Shkreli’s aggressive press and social media tactics could backfire, said Laura Barnett, a Dallas-based PR expert whose firm, Spaeth Communications Inc., has represented large companies, school districts and government agencies in crisis situations. Antics like the video in which he purports to threaten Ghostface Killah while surrounded by masked “goons” could alienate potential jurors or business partners down the road, she said.
“He’s a young guy. He’s got a long career ahead of him,” Barnett said. “You would imagine he’d want to be plugged into business down the road. If no one wants to do business with him, that gets to be a real sticky wicket.”
MJ Henshaw, a spokeswoman for House Committee on Oversight and Government Reform Chairman Jason Chaffetz, a Republican from Utah, declined to comment. A spokeswoman for the top Democrat on the committee, Representative Elijah Cummings of Maryland, didn’t reply to a request for comment.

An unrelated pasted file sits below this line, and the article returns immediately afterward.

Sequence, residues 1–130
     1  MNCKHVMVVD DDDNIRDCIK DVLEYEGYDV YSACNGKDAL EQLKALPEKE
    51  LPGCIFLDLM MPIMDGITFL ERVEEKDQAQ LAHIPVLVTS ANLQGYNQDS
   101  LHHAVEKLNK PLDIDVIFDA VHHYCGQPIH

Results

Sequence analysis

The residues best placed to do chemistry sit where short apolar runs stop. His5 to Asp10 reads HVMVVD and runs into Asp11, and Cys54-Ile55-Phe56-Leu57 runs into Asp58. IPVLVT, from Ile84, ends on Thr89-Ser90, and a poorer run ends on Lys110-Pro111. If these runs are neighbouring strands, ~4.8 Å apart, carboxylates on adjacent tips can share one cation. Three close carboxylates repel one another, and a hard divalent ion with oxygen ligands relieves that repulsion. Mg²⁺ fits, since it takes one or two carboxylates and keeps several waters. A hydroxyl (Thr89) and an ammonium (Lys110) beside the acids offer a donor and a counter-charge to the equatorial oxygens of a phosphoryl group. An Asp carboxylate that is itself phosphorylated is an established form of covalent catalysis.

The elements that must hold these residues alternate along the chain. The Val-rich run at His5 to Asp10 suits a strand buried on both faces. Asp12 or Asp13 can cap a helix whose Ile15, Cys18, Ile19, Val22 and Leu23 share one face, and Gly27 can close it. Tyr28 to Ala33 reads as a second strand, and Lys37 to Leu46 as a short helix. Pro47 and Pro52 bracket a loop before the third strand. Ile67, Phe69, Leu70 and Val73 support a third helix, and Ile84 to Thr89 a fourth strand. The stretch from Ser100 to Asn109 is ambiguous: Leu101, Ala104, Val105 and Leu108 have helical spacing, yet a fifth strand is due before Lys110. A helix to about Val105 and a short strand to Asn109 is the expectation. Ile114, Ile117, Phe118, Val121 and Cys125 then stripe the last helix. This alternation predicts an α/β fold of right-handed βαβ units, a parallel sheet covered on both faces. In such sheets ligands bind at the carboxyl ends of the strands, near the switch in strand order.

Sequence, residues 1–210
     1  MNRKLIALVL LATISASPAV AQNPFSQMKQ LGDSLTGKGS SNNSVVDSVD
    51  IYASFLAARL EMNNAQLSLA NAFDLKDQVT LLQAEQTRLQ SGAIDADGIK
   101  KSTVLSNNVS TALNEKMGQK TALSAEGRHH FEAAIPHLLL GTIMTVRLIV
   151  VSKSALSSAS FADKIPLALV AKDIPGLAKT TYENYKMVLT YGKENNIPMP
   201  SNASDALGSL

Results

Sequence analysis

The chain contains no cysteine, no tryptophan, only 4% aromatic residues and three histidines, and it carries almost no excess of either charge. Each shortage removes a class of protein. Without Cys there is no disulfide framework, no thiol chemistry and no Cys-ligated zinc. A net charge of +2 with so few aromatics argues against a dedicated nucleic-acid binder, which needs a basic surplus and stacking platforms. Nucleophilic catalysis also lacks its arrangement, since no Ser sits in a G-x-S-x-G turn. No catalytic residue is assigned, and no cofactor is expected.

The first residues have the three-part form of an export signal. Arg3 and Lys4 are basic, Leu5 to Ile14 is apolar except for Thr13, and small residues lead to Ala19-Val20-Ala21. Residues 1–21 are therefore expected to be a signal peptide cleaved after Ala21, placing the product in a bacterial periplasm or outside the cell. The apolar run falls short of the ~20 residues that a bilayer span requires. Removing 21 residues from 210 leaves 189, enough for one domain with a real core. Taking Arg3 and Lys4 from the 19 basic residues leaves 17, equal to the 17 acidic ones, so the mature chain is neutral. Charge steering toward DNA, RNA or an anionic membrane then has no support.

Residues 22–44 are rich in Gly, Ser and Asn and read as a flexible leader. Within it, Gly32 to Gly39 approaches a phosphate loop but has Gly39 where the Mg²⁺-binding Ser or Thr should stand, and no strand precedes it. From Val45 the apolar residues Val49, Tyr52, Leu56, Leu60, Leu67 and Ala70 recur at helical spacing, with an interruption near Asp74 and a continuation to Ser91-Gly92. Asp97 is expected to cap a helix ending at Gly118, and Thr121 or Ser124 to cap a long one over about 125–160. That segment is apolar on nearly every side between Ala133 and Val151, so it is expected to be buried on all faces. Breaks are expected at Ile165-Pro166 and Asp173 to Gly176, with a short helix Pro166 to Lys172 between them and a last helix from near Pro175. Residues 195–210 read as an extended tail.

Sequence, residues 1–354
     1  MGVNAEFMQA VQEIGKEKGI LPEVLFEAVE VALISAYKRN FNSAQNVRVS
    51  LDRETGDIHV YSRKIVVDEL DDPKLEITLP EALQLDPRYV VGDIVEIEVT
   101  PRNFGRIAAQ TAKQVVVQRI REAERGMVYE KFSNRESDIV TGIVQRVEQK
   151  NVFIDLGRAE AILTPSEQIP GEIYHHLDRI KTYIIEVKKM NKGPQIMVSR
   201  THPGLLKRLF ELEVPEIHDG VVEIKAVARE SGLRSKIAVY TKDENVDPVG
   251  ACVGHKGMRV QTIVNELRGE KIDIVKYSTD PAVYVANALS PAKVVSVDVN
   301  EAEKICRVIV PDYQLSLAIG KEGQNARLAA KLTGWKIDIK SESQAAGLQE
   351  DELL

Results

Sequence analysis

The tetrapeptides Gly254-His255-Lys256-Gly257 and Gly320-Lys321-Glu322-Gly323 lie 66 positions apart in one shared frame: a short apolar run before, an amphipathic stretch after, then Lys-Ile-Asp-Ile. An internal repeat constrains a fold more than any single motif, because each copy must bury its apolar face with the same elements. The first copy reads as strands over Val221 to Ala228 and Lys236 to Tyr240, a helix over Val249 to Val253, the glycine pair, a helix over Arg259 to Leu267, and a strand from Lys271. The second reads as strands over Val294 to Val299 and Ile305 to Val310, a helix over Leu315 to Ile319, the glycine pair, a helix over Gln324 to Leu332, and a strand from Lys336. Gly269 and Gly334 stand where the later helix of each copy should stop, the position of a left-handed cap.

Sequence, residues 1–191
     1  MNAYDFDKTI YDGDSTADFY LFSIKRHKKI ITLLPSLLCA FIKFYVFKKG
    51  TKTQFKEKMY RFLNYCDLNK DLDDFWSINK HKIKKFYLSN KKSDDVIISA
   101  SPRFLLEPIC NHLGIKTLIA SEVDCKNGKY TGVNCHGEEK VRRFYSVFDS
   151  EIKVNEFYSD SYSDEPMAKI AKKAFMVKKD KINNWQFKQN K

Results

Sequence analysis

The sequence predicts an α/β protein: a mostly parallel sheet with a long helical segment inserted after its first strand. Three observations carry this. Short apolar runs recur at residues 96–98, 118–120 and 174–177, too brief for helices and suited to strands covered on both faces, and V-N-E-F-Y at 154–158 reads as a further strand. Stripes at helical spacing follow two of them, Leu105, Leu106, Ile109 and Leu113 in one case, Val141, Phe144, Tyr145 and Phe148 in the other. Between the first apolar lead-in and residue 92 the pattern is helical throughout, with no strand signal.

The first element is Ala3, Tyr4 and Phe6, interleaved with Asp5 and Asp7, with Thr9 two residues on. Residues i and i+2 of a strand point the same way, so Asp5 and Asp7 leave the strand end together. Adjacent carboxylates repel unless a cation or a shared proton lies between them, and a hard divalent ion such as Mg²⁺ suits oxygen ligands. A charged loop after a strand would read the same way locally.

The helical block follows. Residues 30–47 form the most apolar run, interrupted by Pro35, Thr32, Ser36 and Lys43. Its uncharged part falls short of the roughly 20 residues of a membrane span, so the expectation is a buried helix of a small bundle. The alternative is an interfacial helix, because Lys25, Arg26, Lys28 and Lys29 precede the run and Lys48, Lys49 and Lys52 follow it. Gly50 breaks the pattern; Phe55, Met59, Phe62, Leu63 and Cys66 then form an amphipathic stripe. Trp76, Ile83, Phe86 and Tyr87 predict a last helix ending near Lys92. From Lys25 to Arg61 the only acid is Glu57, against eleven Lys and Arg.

Ousted by Retrophin in 2014, Shkreli stepped down as CEO of Turing after his arrest.
Bernie Sanders, Even
In the Fox interview, Shkreli defended his decision at Turing to raise Daraprim’s price. The drug treats toxoplasmosis, an infection that can be deadly to HIV patients or others with weakened immune systems, and can have side effects including including nausea, vomiting and loss of appetite.
“Now the company can afford to invest in research,” he said. “We need a new drug for toxoplasmosis.”
Shkreli also weighed in on the presidential campaign, saying he leans right but likes some of what Bernie Sanders is saying.